• As you know, Viz is rolling out two series from Naoki (Monster) Urasawa at the same time, the aforementioned 20th Century Boys and Pluto. I like 20th Century Boys fine, but I suspect I’d like it a lot better if I weren’t reading it side by side with Pluto, which I think is superior. So I thought I’d throw out the question as to which book readers prefer.


    Upcoming March 18, 2009

    March 17, 2009

    I love a Wednesday that makes it rough to select a pick of the week. This week’s ComicList is a cornucopia of crack.

    I thought Saika Kunieda’s Future Lovers (Deux Press) was a one-shot, which was pretty much the book’s only disappointing aspect. I was happily mistaken, and a second volume about a mismatched but devoted couple is due out Wednesday. I love comics about grown-up gay men in actual relationships.

    I’ve said it before, I’ll say it again. Anything Fanfare/Ponent Mon releases in English is automatically a contender for the week’s best release, and My Mommy Is in America and She Met Buffalo Bill, by Jean Regnaud & Émille Bravo, will likely do nothing to buck that trend.

    Tokyopop can’t be entirely sanguine about the release of the final penultimate volume of Natsuki Takaya’s uber-shôjo masterpiece, Fruits Basket. I can’t say I’m thrilled either, but I know that we’ll all get through this together. As to content, I would hazard a guess that, in this volume, all of the characters find their lives becoming less alienating and difficult to varying degrees. I would also hazard a guess that I will sob.

    Viz picks up the baton of miserable adolescence with the launch of the VizBig edition of Miki Aihara’s Hot Gimmick. This book is emphatically not for everyone, and I don’t say that in a condescending “Your tastes might not be refined enough to enjoy this” kind of way. I say it in a “Really horrible, anti-feminist things happen in this book from beginning to end, and you will likely want to scrub your brain clean after reading it, but it’s addictively crafted” way.

    On the Signature front, the second volume of Pluto, Naoiki Urasawa’s homage to Osamu Tezuka, arrives.


    Stuff wisely

    February 18, 2009

    So the Harvey Awards nomination process is underway, and creative types can make a bid to recognize their favorite peers and works in a wide variety of categories. You may remember me keening and gnashing my teeth over some of last year’s nominations.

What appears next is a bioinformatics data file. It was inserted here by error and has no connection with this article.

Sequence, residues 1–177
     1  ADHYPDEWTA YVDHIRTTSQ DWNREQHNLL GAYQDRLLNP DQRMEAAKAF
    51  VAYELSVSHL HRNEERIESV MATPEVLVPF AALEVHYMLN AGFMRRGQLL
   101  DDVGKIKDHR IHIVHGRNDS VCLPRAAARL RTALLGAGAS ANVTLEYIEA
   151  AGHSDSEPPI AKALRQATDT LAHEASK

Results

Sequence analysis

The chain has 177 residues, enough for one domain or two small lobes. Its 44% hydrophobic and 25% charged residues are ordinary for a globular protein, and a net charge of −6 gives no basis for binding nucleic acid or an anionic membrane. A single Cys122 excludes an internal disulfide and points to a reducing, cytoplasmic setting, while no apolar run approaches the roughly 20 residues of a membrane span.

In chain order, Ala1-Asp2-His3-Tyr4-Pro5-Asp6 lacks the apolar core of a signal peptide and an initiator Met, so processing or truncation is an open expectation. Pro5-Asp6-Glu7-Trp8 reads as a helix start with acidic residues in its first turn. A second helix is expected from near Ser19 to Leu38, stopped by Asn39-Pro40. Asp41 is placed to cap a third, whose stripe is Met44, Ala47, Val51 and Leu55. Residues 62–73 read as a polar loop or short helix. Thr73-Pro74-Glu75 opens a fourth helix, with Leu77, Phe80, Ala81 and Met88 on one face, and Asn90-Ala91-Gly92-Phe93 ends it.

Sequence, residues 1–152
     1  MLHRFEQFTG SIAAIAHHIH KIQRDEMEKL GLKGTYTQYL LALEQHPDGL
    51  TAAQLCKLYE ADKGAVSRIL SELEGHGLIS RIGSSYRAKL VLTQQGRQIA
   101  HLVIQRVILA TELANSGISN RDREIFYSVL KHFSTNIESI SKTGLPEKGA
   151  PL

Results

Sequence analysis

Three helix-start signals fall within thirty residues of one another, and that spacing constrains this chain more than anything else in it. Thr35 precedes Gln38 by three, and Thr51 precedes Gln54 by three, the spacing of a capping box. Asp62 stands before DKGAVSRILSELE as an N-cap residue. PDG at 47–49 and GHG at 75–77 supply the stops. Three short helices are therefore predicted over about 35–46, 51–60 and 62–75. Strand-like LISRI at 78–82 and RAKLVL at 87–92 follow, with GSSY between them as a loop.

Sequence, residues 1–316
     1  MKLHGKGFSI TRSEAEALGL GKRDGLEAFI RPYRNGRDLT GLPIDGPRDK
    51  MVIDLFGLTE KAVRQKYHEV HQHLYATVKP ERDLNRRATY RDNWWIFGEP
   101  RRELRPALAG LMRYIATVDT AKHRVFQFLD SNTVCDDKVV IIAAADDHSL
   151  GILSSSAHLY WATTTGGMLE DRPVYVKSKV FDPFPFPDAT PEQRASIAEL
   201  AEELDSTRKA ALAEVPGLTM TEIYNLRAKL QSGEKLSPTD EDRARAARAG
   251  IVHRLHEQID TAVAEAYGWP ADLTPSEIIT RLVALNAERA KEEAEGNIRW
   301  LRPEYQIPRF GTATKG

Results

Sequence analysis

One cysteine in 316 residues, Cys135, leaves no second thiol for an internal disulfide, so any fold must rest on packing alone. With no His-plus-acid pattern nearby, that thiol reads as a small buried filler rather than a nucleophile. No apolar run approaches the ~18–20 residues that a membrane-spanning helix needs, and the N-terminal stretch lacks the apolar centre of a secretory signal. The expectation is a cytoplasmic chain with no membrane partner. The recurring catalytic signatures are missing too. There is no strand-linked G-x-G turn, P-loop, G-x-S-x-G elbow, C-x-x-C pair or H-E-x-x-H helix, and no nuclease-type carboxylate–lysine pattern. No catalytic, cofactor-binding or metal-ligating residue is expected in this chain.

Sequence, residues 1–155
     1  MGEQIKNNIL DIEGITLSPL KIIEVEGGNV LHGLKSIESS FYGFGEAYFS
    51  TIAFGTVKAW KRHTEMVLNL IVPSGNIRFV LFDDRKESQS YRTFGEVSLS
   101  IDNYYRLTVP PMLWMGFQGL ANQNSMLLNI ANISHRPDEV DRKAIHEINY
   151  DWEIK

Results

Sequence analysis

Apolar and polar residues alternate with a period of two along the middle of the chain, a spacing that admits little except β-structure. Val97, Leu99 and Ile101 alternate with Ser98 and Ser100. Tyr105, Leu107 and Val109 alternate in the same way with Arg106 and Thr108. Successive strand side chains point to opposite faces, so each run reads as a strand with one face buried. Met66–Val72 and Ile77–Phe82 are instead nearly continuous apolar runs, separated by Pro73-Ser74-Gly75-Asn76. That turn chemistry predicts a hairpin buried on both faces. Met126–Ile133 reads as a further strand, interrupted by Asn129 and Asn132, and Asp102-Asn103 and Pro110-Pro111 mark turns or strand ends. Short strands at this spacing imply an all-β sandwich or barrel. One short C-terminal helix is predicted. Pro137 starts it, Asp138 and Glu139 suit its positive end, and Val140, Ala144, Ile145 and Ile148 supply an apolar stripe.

For a change of pace, I thought I’d go the Force Works/Extreme Justice proactive route this year. Instead of recoiling in horror at the prospect of ever seeing the phrase “Harvey Award winner Witchblade Manga,” I’ve decided to take a stab at prevention. Toward that end, here are some books from 2008 that you might consider for the Best American Edition of Foreign Material category:

  • Aya of Yop City, written by Marguerite Abouet and illustrated by Clément Oubrerie, published by Drawn & Quarterly
  • Disappearance Diary, written and illustrated by Hideo Azuma, published by Fanfare/Ponent Mon
  • Dororo, written and illustrated by Osamu Tezuka, published by Vertical
  • Fluffy, written and illustrated by Simone Lia, published by Dark Horse
  • Little Nothings: The Curse of the Umbrella, written and illustrated by Lewis Trondheim, published by NBM
  • Moomin: The Complete Tove Jansson Comic Strip – Book Three, written and illustrated by Jansson, published by Drawn & Quarterly
  • Real, written and illustrated by Takehiko Inou, published by Viz
  • Seduce Me after the Show, written and illustrated by est em, published by Deux Press
  • Shoulder-a-Coffin Kuro, written and illustrated by Satoko Kiyuduki, published by Yen Press
  • solanin, written and illustrated by , published by Viz
  • There. Ten perfectly respectable potential nominations for your consideration. (And everyone should feel free to contribute their own suggestions in the comments.) I should also note that several of these books are also eligible for other awards.


    Coming attractions

    December 29, 2008

    Some highlights from the January 2009 issue of Diamond’s Previews catalog:

    It’s been quite some time since the second volume came out, so it’s good to see the third volume of Mi-Kyung Yun’s beautifully drawn Bride of the Water God listed by Dark Horse (page 60). Soapy doings among the gods, which was really the point of mythological pantheons in the first place, if you ask me.

    I can’t remember for the life of me who it was, but someone was really excited that Deux Press had licensed Tetsuzo Okadaya’s The Man of the Tango (or Tango, I guess). It’s listed on page 230, promising hunky men “drawn into the seductive beat of a Latin dance,” etc. Why not?

    This month’s “fascinating coss-cultural experiment that could actually tear the internet in half” would have to be Del Rey’s two manga-fied takes on Marvel’s mutants: Wolverine: Prodigal Son, by Anthony Johnston and Wilson Tortosa, and X-Men: Misfits, by Raina Telgemeier, Dave Roman and AnZu. Wait, Telgemeier and Roman are collaborating on the X-Men book? How did I miss that? (Page 267.)

    Fanfare/Ponent Mon takes a break from Japanese comics to release Jean Regnaud and Émile Bravo’s My Mommy Is in America and She Met Buffalo Bill. It’s received serious Angoulême love in 2008. Here’s my Comics Reporter neighbor Bart Beaty’s take on the book. (Page 281.)